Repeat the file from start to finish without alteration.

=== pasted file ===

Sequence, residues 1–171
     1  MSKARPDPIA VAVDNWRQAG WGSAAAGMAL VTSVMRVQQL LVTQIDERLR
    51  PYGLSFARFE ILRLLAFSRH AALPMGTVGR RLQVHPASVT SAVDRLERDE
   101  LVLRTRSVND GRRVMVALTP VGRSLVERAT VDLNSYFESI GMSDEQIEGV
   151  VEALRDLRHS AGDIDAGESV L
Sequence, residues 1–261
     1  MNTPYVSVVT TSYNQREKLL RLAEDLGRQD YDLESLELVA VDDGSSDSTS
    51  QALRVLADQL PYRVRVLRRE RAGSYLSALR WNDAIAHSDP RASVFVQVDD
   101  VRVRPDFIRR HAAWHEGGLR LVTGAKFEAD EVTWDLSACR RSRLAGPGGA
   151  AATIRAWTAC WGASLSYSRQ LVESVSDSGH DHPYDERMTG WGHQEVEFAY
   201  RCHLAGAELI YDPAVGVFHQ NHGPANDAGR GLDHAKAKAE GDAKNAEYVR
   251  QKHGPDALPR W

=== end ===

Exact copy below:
Sequence, residues 1–171
     1  MSKARPDPIA VAVDNWRQAG WGSAAAGMAL VTSVMRVQQL LVTQIDERLR
    51  PYGLSFARFE ILRLLAFSRH AALPMGTVGR RLQVHPASVT SAVDRLERDE
   101  LVLRTRSVND GRRVMVALTP VGRSLVERAT VDLNSYFESI GMSDEQIEGV
   151  VEALRDLRHS AGDIDAGESV L
Sequence, residues 1–261
     1  MNTPYVSVVT TSYNQREKLL RLAEDLGRQD YDLESLELVA VDDGSSDSTS
    51  QALRVLADQL PYRVRVLRRE RAGSYLSALR WNDAIAHSDP RASVFVQVDD
   101  VRVRPDFIRR HAAWHEGGLR LVTGAKFEAD EVTWDLSACR RSRLAGPGGA
   151  AATIRAWTAC WGASLSYSRQ LVESVSDSGH DHPYDERMTG WGHQEVEFAY
   201  RCHLAGAELI YDPAVGVFHQ NHGPANDAGR GLDHAKAKAE GDAKNAEYVR
   251  QKHGPDALPR W